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Seeking More Goodly Creatures
In principle, genetic and reproductive technologies might allow “enhanced” children— with mental aptitudes and personal qualities improved beyond their expected abilities or even beyond humanity’s normal range. Worry about a “brave new world” has already begun, but is that world imminent? And assuming that parents could choose traits for their children, would this be a bad thing? Many people think so for many different reasons, Henry Greely writes, but before we decide to regulate genetic enhancement, we need to decide how it differs from other forms of enhancement, traditional and new, and if those differences are important enough to justify regulation.
O, wonder! How many goodly creatures are
How beauteous mankind is.
O brave new world,
That has such creatures in’t.
—The Tempest, Act 5, Scene 1
In The Tempest, Shakespeare coined the phrase “brave new world” as an expression of delight pulled from Miranda the ﬁrst time she sees more than two people. Aldous Huxley’s 1932 novel, Brave New World, used the phrase ironically, implying that the alphas and the epsilons, the freemartins and the controllers, of his dystopia are not “goodly creatures.” Today, “brave new world” has become a cliché to be attached to any new genetic or reproductive technology. But is the cliché fair? Are these advances leading us to Miranda’s brave new world or to Huxley’s frightening and contemptible new world? Or is this new world new at all?
We have been fascinated by speculation about how genetic and reproductive technologies might allow parents (or others) to “enhance” children before they are born—to improve them beyond their expected abilities or, perhaps, beyond humanity’s normal range. But where does science ﬁction end and plausibility begin? What are the real possibilities for such prenatal genetic enhancements, what are its limits, what are its problems? And just how worried should we be? This article will not answer these questions, but it does try to clarify the issues they raise.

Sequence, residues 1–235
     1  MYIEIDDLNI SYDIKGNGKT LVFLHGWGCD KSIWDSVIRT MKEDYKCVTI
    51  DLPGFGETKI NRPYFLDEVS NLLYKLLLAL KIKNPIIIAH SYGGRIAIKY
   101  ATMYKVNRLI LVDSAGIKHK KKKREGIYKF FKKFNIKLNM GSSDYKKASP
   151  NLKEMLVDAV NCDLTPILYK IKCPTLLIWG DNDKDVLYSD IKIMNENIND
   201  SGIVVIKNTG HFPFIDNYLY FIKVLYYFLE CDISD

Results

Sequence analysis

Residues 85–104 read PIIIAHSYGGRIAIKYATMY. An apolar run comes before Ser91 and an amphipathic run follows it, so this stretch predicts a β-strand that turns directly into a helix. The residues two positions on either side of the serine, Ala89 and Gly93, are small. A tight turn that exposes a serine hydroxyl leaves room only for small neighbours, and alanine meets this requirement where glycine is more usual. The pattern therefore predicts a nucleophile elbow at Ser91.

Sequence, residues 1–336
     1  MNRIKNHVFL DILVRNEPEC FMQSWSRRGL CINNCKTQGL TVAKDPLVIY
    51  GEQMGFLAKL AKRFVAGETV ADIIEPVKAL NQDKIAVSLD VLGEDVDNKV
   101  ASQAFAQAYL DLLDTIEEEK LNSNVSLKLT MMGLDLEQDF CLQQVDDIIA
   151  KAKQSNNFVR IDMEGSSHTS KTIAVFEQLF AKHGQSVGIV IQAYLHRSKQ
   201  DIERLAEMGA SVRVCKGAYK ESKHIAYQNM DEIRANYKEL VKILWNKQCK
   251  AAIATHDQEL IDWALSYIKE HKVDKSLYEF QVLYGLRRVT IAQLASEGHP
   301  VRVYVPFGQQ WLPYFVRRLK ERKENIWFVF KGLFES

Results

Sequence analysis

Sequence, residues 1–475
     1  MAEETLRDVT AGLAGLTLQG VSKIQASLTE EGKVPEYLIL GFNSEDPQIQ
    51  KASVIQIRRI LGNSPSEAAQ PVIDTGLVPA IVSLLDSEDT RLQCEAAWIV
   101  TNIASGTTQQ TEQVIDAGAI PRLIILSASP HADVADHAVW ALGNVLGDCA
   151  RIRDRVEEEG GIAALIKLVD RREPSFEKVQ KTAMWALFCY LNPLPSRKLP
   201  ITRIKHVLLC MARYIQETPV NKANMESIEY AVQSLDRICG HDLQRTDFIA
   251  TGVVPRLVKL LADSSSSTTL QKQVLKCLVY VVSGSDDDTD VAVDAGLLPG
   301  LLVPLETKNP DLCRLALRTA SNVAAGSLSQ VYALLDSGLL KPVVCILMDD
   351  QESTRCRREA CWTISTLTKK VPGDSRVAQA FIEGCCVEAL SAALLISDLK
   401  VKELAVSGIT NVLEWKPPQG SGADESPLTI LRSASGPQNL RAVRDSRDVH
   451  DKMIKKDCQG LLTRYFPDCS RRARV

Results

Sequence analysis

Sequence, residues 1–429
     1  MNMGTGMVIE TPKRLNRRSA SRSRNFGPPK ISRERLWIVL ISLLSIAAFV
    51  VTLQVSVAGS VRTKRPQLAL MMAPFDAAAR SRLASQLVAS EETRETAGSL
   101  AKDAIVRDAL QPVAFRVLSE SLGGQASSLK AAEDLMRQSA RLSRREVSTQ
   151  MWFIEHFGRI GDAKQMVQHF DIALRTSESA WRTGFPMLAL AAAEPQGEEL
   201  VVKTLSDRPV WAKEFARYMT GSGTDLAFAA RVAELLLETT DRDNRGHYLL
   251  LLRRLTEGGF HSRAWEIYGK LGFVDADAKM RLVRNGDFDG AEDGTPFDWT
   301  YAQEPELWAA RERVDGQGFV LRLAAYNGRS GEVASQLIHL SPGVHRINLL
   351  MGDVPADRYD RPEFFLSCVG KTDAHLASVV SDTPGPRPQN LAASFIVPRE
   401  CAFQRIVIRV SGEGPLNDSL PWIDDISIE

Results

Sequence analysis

We could try to enhance our children’s genes in two different ways. The ﬁrst approach would be to select children to be born based on which variants of genes, called “alleles,” they carry. The second would be keep the children we randomly beget but then to select new alleles for them. The ﬁrst method is currently available through a range of methods of prenatal genetic selection; the second might be possible in the future through gene therapy.
In one sense, genetic enhancement through selecting children based on their alleles, or their likely alleles, is very old news. The characteristics of your mate affect the characteristics of your offspring. But, as all parents learn, predicting these effects is far from perfect. Although in their alleles our children are exact 50/50 mixes of their parents, in their traits they are a far more complicated product, combining their parents’ old genes in new and unique ways. Picking an excellent mate may give you genetically “enhanced” children—or it may not.
Prenatal genetic testing can give you more knowledge by doing direct genetic tests on the particular combination of parental alleles found in the egg and sperm that combined, implanted, and developed into a fetus. This process has been available clinically for more than 30 years; with each passing year it can be used to test for more genetic traits. It relies on obtaining a sample of cells from the fetus. Currently, these cells are obtained either through amniocentesis, which draws off some ﬂuid from the amniotic sac, or through chorionic villi sampling (CVS), which snips off a bit of the developing placenta. Both CVS and amniocentesis involve invasive procedures, and each has risks and costs. The biggest risk is miscarriage; both procedures roughly double the odds of a miscarriage from about 1 percent to around 2 percent. And both procedures are expensive, costing more than $1,000.
The fetal cells, however they are obtained, can then be tested, both for chromosomal abnormalities such as the three copies of chromosome 21 in Down syndrome and for alleles associated with genetic diseases such as cystic ﬁbrosis, Tay Sachs disease, sickle cell anemia, beta thalassemia, Huntington’s disease, and several hundred others. The same cells can also be tested for genetic variations associated with non-disease traits, such as sex.